How Iceland is Forecasting Eruptions Near Grindavík

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Volcanologists can’t predict eruptions. There is no reliable and tested method that can say that a certain volcano will erupt on a certain day or at a certain time. You might see such things on YouTube and elsewhere on the internet, but they are mostly people making patterns where there are none.

However, volcanologists have been getting much better at forecasting eruption likelihood. Now, that might sound a lot like prediction, but it is not. Instead, it is like the weather: they can offer the chances that an eruption might occur over some time period, like a meteorologist might say that we have a 75% chance of a thunderstorm this afternoon. These volcanic forecasts might only be days or hours in advance on an eruption, but even that little warning means getting out of harm’s way.

The numerous eruptions over the past few years on the Reykjanes Peninsula in Iceland has been an opportunity for volcanologists to really dig into the signs that an eruption is imminent. There are a bevy of measurements that are being made in the area, including gas emissions, land surface motion in three dimensions, earthquake activity and thermal emissions. All of these give us insight into what the magma lurking beneath the surface might be doing.

The Icelandic Meteorological Office (IMO), the agency in charge of monitoring volcanoes on the island nation, had this to say about the current state of things near Grindavík on February 29:

Considering precursors of previous volcanic eruption in the Sundhnúkar crater row, likelihood of a volcanic eruption increases once the volume of magma reaches 8 – 13 million cubic metres. If magma accumulation continues at the same rate, the amount should reach the upper limit next week.

So, how do they know this? Much of it comes from taking GPS data of how the land is moving in the area, both up and down and side to side, and modeling how much magma it might take to cause those changes (see below).

Estimates of magma accumulation across the recent eruptions near Grindavík based on ground deformation data. Credit: IMO.

Like any idea, it involves assumptions and needs some other sources of data. Earthquakes can give you an idea of just how deep the magma might be. This is because as it fills in the crust as it rises from its source in the Earth’s mantle, it causes earthquakes as it cracks the rock surrounding it. These earthquakes can then be triangulated by multiple seismometers and the depth they occurred is calculated. It can also offer some insight into the shape of the intrusion of magma. In this case, it looks like a narrow, linear feature.

Take these data (ground deformation and earthquakes) along with assumptions about how the rock type in the area responds to stress and you can estimate just how much magma is accumulating. Right now the IMO estimates that magma is accumulating under the area at about 0.5 million cubic meters per day. Roughly speaking, that is about 1.5 oil supertankers of magma every 24 hours.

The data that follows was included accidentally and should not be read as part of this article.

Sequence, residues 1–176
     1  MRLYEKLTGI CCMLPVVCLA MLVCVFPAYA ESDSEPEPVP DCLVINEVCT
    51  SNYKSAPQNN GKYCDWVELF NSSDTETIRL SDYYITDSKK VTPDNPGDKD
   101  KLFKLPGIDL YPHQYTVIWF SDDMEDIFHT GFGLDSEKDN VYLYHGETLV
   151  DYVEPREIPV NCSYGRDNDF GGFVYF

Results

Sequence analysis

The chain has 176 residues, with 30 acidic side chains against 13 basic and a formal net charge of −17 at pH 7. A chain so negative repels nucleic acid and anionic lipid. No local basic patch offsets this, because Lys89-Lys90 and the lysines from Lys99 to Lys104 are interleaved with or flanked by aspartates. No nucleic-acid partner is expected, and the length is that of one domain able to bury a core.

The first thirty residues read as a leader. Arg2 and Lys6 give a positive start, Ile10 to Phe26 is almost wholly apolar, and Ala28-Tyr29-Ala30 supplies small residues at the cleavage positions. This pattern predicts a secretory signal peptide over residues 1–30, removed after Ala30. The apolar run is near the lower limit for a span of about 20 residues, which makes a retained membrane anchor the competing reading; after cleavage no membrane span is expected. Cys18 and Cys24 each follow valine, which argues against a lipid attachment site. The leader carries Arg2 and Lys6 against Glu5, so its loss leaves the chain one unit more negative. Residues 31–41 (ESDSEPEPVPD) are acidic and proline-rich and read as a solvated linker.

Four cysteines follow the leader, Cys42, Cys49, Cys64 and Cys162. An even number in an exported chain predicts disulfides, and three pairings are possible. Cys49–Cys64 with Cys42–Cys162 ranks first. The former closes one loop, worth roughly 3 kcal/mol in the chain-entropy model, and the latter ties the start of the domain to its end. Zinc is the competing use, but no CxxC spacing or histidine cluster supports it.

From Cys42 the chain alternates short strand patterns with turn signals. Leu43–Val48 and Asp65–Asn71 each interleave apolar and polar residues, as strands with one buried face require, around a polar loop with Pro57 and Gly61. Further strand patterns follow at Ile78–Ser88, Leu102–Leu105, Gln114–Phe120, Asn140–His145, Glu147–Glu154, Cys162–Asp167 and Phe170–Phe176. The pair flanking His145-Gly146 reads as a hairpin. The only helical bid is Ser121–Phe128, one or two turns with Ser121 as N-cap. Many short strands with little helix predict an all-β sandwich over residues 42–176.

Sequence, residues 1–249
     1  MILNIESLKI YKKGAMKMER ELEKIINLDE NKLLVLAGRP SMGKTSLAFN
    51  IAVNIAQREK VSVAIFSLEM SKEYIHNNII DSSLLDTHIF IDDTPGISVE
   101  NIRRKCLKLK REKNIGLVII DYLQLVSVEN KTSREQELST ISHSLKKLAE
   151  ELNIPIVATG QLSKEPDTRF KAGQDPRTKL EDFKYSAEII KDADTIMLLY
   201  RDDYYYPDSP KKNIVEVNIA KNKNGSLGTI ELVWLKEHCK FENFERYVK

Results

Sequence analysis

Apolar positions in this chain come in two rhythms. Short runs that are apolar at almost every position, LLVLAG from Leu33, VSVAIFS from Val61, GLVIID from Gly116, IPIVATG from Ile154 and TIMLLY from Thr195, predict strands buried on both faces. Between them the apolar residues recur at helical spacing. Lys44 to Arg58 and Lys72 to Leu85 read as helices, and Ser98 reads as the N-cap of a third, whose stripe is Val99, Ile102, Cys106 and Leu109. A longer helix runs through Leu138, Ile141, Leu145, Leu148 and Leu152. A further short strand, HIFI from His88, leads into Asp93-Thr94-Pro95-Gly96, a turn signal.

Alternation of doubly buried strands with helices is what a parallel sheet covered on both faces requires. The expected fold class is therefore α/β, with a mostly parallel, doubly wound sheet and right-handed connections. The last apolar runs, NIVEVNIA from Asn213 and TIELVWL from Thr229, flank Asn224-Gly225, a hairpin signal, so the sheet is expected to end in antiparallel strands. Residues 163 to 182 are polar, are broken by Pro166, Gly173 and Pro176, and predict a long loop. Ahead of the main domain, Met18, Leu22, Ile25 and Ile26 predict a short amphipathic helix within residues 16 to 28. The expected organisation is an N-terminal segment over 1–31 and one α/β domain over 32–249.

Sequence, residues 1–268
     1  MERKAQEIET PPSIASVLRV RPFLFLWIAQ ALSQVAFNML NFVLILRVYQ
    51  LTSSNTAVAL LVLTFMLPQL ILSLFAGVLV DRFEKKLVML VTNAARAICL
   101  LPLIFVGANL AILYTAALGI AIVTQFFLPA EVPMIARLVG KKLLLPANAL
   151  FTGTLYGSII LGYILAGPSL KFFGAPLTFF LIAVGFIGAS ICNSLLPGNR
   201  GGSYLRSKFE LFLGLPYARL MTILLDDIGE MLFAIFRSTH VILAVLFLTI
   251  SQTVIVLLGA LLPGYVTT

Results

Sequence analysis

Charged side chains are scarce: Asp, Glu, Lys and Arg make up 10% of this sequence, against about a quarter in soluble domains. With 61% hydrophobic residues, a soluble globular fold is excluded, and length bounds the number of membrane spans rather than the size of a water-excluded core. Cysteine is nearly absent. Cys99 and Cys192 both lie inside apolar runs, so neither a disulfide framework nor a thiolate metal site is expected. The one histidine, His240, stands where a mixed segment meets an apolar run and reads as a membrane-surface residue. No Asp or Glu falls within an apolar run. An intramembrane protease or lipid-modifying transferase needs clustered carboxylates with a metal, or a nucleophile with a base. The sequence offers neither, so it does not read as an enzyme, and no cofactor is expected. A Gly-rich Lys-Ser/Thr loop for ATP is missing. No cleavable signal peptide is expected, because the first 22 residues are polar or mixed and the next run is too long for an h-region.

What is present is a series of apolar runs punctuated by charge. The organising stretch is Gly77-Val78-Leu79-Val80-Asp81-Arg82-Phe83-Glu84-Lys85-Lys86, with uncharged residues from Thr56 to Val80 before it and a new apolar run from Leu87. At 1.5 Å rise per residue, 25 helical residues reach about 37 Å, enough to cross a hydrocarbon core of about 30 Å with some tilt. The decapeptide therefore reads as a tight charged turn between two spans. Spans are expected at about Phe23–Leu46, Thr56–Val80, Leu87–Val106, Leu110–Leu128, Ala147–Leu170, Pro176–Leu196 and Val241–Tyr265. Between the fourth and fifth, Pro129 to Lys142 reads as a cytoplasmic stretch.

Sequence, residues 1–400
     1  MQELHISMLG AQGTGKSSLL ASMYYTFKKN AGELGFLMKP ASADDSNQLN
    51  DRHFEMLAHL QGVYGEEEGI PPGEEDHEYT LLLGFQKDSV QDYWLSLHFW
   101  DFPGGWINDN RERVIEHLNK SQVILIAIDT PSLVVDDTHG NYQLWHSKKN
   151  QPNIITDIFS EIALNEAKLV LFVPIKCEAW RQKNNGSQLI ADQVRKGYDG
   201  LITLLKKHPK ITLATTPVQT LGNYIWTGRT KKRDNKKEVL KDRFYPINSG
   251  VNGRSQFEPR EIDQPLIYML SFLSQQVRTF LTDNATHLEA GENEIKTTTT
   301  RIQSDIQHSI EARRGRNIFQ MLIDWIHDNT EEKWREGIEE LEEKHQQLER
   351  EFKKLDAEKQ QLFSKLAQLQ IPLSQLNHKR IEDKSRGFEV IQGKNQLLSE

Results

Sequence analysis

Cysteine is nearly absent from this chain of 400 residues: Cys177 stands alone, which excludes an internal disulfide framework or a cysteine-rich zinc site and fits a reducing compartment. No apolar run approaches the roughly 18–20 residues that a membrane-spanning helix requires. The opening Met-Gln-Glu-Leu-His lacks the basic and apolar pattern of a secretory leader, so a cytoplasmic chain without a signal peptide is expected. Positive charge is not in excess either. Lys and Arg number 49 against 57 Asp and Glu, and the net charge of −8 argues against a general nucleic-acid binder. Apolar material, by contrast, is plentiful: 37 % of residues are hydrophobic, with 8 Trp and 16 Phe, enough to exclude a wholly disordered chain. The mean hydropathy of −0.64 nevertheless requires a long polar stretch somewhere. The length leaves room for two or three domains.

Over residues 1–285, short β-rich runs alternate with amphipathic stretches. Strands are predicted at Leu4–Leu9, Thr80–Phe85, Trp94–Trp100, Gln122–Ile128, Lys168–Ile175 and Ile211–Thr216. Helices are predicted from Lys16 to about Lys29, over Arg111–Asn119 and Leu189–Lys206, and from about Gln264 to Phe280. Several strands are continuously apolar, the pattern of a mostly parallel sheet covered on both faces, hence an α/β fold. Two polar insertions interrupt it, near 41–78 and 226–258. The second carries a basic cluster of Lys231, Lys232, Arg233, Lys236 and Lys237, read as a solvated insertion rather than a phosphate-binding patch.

Tracking the deformation since the last eruption, the IMO estimates we’re very close to reaching the threshold were an eruption becomes very likely. When the threshold is reached (at least during previous eruptions), the magma then moves rapidly to the surface with as little as 30 minutes warning after the earthquakes associated with that rise start. Then, boom, with have another fissure opening with lava fountains and lava flows.

Hazard Map for Grindavík on 2/29/2024, with Level 3 (red) the most likely location of the next eruption. Credit: IMO.

The location of the deformation right now suggests to the IMO that the eruption is likely to start between Mt. Stóra-Skógfell and Mt. Hagafell. This puts it between the January eruptions on the outskirts of Grindavík and the eruptions earlier in February closer to the Blue Lagoon.

Lava flow model for an eruption closer to Grindavík. Credit: IMO.

The IMO has put together some maps that show where lava could end up if an eruption occurs in this region. This is based on how the lava behaved during previous eruptions and the rates at which lava erupted during those events as well. A more southerly eruption (above) might put the outskirts of Grindavík back in the path of the eruption while a more northerly location (below) will impact the roads and infrastructure related to the geothermal plant near the Blue Lagoon. These are just model scenarios, but at least give hazard planners some inkling about what could be in harms way.

For all of this, more information is better. This could help defuse many of the rumors and speculation in the media and internet that tends to come hand in hand with a volcanic crisis. It also allows for better protection of life and property when the next eruption occurs. Hopefully these data from Iceland can be applied to other volcanoes around the planet to continue reducing the deaths and injuries from eruptions.

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